More of a concern is Graham’s remark that ““People have been challenging me on the bus about care.data. That’s the talking point but Snowden hasn’t been, which is kind of a surprise.” There are two things that bother me about this. Firstly, it suggests that Graham is out of touch with the public. It is not the ICO’s job to represent the public, it is their job to ensure that data controllers comply with the law (technically, the courts have more of a role in upholding individual rights than the ICO does). But nevertheless, Graham’s expectation that people would be button-holing him about the security services rather than the NHS is a tad elitist. The NSA’s spying on us all is obnoxious, but care.data is much more likely to have a direct effect on the man on the 130 bus to Wilmslow. More crucially, however, Snowden is not really on Graham’s territory. There is a very broad exemption in the DPA that you may not agree with, but which puts any activity ‘necessary’ for national security completely outside the DPA, and off the ICO’s radar. If the Commissioner was more concerned with matters that are more directly covered by his legislation, he might have avoided giving such inaccurate advice on care.data and pseudonymisation when on the BBC Breakfast sofa. It’s interesting that the Commissioner admits that his office failed to persuade NHS England to write to all citizens about care.data, which suggests that the stakeholder engagement approach doesn’t bear fruit.

Most depressing of all, however, is Graham’s complaint about the loss of the Scottish Borders appeal. Borders won their appeal because the ICO failed to establish a crucial part of the test that the law has set for them. The ICO has to show that it is “likely” that the breach – in this case, the failure to have a proper contract in place with a company scanning and disposing of records – would cause damage or distress. The ICO’s approach in Borders (and others) was to assume.  For the ICO, lost records = identity theft. The civil burden of proof is lower than the criminal one, but it should not simply be what a clever man reckons. I made an FOI request for any evidence of the ICO’s claim that a lost passport number leads to identity theft, and they admitted that they don’t have any. If they propose to fine an organisation £250,000, the ICO ought to have more than an assumption and crucially, the law requires that they have more. But Mr Graham doesn’t appear to understand that: he complains: “I couldn’t prove that someone of malicious intent had picked up all this personal information and was going to be doing people down”. This is not why the case was lost (although it’s true that he couldn’t prove that).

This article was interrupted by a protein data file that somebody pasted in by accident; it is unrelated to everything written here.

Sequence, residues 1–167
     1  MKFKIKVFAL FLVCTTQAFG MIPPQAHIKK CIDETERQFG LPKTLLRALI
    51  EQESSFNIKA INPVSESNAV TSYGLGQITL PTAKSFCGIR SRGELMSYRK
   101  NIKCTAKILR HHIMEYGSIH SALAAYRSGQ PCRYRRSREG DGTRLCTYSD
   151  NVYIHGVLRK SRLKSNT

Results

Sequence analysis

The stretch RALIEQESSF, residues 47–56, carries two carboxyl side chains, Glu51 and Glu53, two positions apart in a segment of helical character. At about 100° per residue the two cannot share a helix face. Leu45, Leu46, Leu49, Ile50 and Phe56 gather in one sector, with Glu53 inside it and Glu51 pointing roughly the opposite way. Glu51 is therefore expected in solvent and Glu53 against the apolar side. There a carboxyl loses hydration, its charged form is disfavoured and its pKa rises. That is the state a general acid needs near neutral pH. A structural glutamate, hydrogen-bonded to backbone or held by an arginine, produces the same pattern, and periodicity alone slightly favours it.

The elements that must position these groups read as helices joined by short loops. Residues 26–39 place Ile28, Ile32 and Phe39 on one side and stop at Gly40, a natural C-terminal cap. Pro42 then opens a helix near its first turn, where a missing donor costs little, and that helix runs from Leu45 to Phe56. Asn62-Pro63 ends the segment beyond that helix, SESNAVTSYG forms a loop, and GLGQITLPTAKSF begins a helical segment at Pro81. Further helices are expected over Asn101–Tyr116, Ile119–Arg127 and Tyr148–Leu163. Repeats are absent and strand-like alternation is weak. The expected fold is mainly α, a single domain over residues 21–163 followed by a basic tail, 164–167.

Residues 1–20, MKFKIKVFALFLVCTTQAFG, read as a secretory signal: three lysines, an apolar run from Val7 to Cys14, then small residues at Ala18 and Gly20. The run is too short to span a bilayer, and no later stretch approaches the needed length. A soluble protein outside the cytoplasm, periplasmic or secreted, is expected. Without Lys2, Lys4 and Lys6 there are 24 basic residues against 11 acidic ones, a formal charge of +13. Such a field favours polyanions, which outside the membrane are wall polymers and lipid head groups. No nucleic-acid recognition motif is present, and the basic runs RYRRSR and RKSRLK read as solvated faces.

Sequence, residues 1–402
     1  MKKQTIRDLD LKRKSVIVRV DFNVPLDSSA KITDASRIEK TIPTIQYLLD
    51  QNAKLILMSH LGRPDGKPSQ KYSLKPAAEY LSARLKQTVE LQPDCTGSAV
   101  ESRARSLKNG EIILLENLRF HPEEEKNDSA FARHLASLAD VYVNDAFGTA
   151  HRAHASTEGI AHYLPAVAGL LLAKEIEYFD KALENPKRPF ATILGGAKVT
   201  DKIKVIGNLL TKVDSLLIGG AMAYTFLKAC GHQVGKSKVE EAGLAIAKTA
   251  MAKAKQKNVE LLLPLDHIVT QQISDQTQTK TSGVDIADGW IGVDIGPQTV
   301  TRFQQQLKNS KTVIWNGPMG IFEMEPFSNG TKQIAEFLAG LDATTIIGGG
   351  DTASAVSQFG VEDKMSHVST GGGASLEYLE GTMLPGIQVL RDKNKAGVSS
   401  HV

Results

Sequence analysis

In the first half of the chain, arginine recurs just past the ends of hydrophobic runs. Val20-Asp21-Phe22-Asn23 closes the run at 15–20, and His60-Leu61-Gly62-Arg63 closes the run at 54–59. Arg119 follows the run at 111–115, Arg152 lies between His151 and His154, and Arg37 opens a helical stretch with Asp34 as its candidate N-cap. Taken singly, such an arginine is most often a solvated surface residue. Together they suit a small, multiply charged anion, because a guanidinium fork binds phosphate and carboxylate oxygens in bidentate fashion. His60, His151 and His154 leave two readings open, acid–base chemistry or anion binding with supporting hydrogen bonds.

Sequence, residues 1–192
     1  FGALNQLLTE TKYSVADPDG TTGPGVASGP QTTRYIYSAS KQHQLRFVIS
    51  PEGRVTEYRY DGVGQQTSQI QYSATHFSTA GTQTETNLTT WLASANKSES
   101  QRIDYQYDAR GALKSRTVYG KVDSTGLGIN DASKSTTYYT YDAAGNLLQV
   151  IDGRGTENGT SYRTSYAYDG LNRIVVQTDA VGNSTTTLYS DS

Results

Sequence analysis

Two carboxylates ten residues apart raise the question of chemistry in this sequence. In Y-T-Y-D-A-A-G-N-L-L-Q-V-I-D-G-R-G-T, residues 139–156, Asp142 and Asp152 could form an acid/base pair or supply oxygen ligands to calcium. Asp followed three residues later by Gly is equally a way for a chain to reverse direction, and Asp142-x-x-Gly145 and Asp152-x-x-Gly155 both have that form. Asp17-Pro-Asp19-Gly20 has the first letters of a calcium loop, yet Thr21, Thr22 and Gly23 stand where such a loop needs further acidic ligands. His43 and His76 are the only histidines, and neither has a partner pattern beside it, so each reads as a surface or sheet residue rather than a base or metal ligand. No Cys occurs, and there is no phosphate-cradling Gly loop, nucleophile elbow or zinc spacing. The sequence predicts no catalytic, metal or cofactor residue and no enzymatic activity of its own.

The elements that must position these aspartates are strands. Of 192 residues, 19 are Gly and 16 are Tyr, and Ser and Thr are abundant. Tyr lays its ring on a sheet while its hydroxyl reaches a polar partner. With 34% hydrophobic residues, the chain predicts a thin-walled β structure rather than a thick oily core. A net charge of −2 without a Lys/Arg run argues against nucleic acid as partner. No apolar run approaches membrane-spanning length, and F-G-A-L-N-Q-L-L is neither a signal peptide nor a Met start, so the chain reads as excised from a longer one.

The Information Commissioner is a single appointee helped by hundreds of staff, but nevertheless, a single appointee who is given all of the powers and obligations. Mr Graham must understand how his powers work. Papers spilling out of a bin isn’t a breach. It’s an incident. The Commissioner cannot issue a CMP for papers spilling out of a bin, or any other incident in itself. In Borders, he had to establish that there was a breach: there was no contract, so job done. Then he had to show that incidents like the papers in the bin were foreseeable and likely to cause damage or distress. People sometimes don’t have proper contracts with long-standing and trusted suppliers. Is it likely that this will lead to the supplier dumping paper records in a recycling bin? Will this lead to damage and distress? Honestly, I don’t know, but that’s what Mr Graham couldn’t prove to the satisfaction of the Tribunal and frankly, I think the test should be rigorous if the stakes are as high as a quarter of a million pounds. The Deputy Commissioner David Smith was chided by the Tribunal at the time for focussing too much on the incident, and here the Commissioner makes the same fundamental mistake.